Socially Transformative STEM Curriculum: What It Is and Why African American Students Need It
Associate Professor of Science Education, Indiana University
David Pratt points out that the primary goal of a socially transformative curricular approach is “liberation – developing in students maximum capacity for choice.” This presentation begins with an examination of the modern context in which the curriculum of African people is enacted. From there, I argue that a socially transformative STEM curriculum is ideally suited for meeting the needs of children of African descent. This argument includes both descriptions and examples of socially transformative STEM curriculum. The presentation concludes with suggestions for research, as well as directions for K-12 and post-secondary practice.
About the Speaker:
Jomo W. Mutegi is Associate Professor of science education in the School of Education at Indiana University, IUPUI. His research agenda, which addresses the science teaching and learning of people of African descent, consists of three lines of scholarship. In the first, he explores students’ science knowledge with specific attention to understanding how racialized experiences help to shape that science knowledge. In the second line of scholarship, he explores racism in student-teacher interactions to determine the degree to which race bias inhibits the science participation of people of African descent. The third and most central line of scholarship, he frames as educational praxis. Herein he works to use science education as a tool for improving African and African American communities. One current project in this line of work is the development of curriculum products aimed at positioning students of African descent to adopt understandings of science, technology, engineering and mathematics that positions them to be change agents in their communities.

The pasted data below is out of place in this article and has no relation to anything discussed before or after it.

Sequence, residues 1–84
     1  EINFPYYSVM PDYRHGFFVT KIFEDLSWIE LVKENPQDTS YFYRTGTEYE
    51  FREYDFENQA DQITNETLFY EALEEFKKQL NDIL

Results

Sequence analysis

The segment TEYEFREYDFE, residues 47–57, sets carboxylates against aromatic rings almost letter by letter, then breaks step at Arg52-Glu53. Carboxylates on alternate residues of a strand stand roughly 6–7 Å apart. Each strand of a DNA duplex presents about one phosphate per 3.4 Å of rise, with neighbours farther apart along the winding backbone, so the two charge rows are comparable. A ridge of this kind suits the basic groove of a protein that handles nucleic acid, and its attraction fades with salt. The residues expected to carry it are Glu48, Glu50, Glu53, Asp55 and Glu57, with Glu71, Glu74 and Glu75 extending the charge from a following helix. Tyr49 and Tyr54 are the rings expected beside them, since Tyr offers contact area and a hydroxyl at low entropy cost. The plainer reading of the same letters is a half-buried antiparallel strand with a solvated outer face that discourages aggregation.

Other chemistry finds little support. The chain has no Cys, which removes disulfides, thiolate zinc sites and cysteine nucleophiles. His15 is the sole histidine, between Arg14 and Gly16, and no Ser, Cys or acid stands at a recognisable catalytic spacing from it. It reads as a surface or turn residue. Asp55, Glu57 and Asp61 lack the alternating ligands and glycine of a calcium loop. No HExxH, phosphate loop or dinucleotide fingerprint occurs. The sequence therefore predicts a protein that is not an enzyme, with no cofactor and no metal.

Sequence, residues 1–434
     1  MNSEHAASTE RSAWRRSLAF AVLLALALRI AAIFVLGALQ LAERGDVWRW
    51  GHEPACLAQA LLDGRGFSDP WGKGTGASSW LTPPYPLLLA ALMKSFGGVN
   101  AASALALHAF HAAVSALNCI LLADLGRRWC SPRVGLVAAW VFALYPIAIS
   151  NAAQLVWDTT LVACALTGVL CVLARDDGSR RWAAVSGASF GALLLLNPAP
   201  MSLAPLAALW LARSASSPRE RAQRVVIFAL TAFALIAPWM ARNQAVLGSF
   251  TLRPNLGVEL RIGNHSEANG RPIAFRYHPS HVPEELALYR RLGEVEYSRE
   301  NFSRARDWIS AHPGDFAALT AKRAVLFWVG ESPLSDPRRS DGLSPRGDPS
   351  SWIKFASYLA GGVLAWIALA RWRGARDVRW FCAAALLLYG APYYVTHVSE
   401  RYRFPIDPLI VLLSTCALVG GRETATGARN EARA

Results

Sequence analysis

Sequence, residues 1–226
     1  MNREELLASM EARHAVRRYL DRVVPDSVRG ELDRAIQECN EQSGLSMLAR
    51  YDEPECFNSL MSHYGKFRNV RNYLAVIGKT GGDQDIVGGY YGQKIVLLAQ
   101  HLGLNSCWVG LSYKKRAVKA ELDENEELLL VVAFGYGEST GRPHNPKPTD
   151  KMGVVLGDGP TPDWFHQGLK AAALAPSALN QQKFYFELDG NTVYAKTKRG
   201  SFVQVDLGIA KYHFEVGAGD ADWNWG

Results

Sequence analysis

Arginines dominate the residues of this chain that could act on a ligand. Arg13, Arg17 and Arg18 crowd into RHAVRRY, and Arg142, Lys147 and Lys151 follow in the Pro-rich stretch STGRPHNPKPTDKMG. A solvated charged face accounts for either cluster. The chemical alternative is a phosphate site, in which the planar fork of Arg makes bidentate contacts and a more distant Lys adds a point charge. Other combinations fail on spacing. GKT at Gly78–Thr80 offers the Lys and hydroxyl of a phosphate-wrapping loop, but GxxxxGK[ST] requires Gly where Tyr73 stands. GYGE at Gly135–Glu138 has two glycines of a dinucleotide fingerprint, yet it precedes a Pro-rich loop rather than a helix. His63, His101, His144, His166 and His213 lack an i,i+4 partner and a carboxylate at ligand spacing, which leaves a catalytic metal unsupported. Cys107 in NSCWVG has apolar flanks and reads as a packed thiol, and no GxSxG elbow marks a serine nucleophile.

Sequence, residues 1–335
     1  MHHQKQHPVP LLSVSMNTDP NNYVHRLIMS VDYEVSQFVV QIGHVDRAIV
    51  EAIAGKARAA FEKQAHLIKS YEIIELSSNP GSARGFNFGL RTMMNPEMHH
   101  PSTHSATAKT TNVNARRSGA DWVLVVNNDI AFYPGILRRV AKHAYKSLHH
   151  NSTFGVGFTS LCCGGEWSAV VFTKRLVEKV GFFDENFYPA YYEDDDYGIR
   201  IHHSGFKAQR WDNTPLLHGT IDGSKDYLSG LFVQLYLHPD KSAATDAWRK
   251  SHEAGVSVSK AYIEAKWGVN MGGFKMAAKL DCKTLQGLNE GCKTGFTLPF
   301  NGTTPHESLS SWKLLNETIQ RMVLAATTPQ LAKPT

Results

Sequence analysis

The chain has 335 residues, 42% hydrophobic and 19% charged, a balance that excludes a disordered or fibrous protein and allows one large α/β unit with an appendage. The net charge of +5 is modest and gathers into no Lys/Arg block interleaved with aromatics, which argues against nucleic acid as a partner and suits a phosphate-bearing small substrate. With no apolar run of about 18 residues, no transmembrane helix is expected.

Dr. Mutegi currently serves on the Board of Directors for the National Association of Research in Science Teaching (NARST). He serves as co-director for the STEM Educational Research Institute at IUPUI. In addition to NARST, he is also an active member of the American Educational Research Association (AERA) and the Institute for the Study of the African American Child (iSAAC). His was recently recognized for his commitment to diversity by receiving the 2016 Chancellor’s Diversity Scholar Award. Jomo is married to his wife, Demetrice and has two sons: Marcelius, 19 years old, and Imari, 9 months old.
Light refreshments available at 11:45 a.m. This presentation is followed by a one-hour discussion with graduate students and post-docs in 115 Erickson at 1:15 p.m.